The polyhedron ball joint is approximately same as the ratchet ball joint as described above except the contact surfaces. A polyhedron ball 15 is fixed at the right end of the neck 6 and a correspondent polyhedron ball socket 17 is prepared at the left end of the handle 10. The plastic prisms 16 on the polyhedron ball 15 is tough to some suitable extent. The troughs 18 on the surface of the polyhedron ball socket 17 are designed to match the plastic prisms 16. Therefore when the polyhedron ball 15 is inset by force into the polyhedron ball socket 17, then the joint is well joined and can be turned to any direction. When turning the plastic prisms 16 and the throughs 18 are moved relatively and some sound can also be heard.
Same as the ratchet ball joint a special sleeve 9 is prepared (see FIGS. 6, 8, and 9) for increasing the strength at the joint.
FIG. 10 is referred.
The circular tough rod 21 commonly used at the desk lamp can be applied here. Therefore the brush body 5 can be turned universally.
However same as the ratchet ball joint a circular tough rod sleeve 19 is prepared. On the outer surface of the circular tough rod sleeve 19 the wavy troughs 19a are prepared for the purpose of the prevention from slipping of the fingers when the fingers are pressed on them.
At the right end of the circular tough rod sleeve 19 there is a two-round male thread 20 on its inner face, meanwhile there is a set of female thread 22 on the outer surface of the circular tough rod 21. The two set male thread 20 and female thread 22 can match each other. Thus the circular tough rod sleeve 19 can be moved along the circular tough rod 21 when the sleeve 19 is turned by hand round the female thread 22. Then the strength of the circular tough rod 21 can be increased and adjusted. The jointing heads 23 at the both ends of the circular tough rod 21 can be inset into the handle 10 and the neck 6 by common method.
FIGS. 11 and 12 are referred.
The flat tough rod joint is similar to the circular tough rod joint as described before except the forms in their cross sections. The cross section of the flat tough rod joint is flat (see FIG. 12). The flat tough rod may not be strong enough, then a flat tough rod sleeve 24 is applied. On both sides of the flat tough rod sleeve 24 there are also the wavy troughs 24a for the purpose of preventing from slip of the fingers.
FIGS. 13-18 are referred.
The drum wheel joint is approximately same as the ratchet ball joint and the polyhedron ball joint except the ball. A drum wheel 27, 30 is used instead of the balls in the former two joints. On the circumferential surface of the drum wheel 27, 30 there are parallel round prisms 27a, 30a all round the drum wheel 27, 30. At the left end of the handle 10 there is a drum wheel socket 28, 32, which can receive the drum wheel 27, 30. On the circumferential surface of the drum wheel socket 28, 32 there are also parallel troughs 28a, 32a which can couple with the parallel round prisms 27a, 30a. Thus the drum wheel joint can then be joined firmly. If the handle 10 is turned by force, them the tooth brush can be bent at the joint, and the sound is made when the parallel round prisms 27a, 30a is turned and moved relatively to the parallel troughs 28a, 32a.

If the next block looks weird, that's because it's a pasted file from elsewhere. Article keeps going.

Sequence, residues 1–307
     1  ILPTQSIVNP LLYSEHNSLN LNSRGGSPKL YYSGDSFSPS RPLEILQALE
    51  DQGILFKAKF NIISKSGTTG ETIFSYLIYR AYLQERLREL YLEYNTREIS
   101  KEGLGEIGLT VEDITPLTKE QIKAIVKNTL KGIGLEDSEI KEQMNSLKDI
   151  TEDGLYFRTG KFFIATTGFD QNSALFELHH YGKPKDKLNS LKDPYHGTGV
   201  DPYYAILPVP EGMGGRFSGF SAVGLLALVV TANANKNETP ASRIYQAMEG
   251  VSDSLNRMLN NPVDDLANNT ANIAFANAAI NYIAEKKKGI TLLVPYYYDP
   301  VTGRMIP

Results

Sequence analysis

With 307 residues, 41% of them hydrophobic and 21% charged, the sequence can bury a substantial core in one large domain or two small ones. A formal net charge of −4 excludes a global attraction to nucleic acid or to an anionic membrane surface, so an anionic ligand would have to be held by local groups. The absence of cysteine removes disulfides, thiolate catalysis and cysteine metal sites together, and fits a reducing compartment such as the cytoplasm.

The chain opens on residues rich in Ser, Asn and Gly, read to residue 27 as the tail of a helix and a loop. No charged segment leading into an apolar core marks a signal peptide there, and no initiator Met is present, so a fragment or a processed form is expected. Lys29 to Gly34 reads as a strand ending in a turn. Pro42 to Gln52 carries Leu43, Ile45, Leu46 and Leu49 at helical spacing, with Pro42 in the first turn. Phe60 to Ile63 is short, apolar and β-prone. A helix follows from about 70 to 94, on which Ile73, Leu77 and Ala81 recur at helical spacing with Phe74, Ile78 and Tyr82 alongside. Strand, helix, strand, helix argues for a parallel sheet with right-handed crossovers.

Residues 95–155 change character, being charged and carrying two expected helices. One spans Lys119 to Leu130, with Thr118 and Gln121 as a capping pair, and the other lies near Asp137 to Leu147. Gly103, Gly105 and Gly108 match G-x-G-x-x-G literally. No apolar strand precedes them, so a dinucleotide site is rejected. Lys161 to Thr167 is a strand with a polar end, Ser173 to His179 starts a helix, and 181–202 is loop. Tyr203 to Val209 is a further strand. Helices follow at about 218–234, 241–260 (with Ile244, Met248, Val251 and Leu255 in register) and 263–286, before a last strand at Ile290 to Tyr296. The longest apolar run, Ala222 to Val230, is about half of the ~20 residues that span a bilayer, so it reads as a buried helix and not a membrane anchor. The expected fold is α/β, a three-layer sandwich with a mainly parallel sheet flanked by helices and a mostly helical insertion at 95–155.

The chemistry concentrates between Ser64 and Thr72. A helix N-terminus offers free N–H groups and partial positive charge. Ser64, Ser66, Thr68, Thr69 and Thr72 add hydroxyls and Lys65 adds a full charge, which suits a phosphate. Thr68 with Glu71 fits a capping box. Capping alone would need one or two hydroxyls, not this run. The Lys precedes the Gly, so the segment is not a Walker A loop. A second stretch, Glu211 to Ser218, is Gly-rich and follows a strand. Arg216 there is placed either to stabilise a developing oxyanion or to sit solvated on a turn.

The drum wheel joint may not be strong enough, then a sleeve 9 is applied same as in the ratchet ball joint (see FIGS. 14 and 18).
The drum wheel 27, 30 is inset into the neck 6 in two different ways. They are described as follows.
(i) Turntable type:
FIGS. 13, 14, and 15 are referred.
At the back of the drum wheel 27 there is a turning axile 26 with a set of parallel turning axile protruded circles 26a on it. At the right end of the neck 6 with a turning axile socket 29 there is a set of parallel troughs 29a inside it. The axile 26 and the protruded circles 26a are correspondent to the turning axile socket 29 and the troughs 29a, so that they can coupled firmly when the turning axile 26 is inset into socket 29 by force. Therefore this joint can be bent upward and downward and turned to any direction.
(ii) Fixed type:
FIGS. 16, 17 and 18 are referred.
The drum 30 and the neck 6 are made in one piece. A drum wheel block 31 is prepared which is a shell in form. At the left end of the handle 10 there is a drum wheel block socket 31a which can receive the drum wheel block 31. The drum wheel block 31 is allowed to turn in the drum wheel block socket 31a. Inside the drum wheel block 31 there is again a drum wheel socket 32 which can receive the drum wheel 30. When the three pieces, the drum wheel 30, the drum wheel block 31, and the handle 6 with the drum wheel socket 31a, are assembled well (see FIG. 18), this joint will then be coupled firmly. Thus this joint can be bent and turned to any direction.
The five different joints can also be used to join the turning pieces 1 to the main brush body to substitute the plain balls 2 and the plain ball sockets 4.
FIG. 19 is the front view of the tooth brush in which the wavy curve along the master arc of the surface of the hairs is shown. This technical "planting hair" can achieve some special functions of brushing and cleaning.
FIG. 20 is the perspective view of the present invention where shows the beauty in form and the practice in use.
A music I.C. plate 25 can be attached to one side of the handle 10 (see FIG. 20). The music will begin when the user's hand grips the handle 10, and the music will stop as the hand off. Therefore the user may acquire some relaxation during brushing and the children may get more interesting while brushing their teeth.
All the foregoing described joints can be applied to any other brushes with or without handles (only the joint at about the front 1/4 of the brush body being applied).
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|U.S. Classification||15/172, 15/144.2, 15/176.1, 15/201|
|Cooperative Classification||A46B5/0087, A46B5/0075, A46B2200/1066, A46B5/0025|
|European Classification||A46B5/00B6C6, A46B5/00B6C|
|Nov 8, 1990||REMI||Maintenance fee reminder mailed|
|Apr 7, 1991||REIN||Reinstatement after maintenance fee payment confirmed|
|Apr 8, 1991||SULP||Surcharge for late payment|
|Apr 8, 1991||FPAY||Fee payment|
Year of fee payment: 4
|Jun 18, 1991||FP||Expired due to failure to pay maintenance fee|
Effective date: 19910407
|Oct 29, 1991||DP||Notification of acceptance of delayed payment of maintenance fee|
|Apr 7, 1995||SULP||Surcharge for late payment|
|Apr 7, 1995||FPAY||Fee payment|
Year of fee payment: 8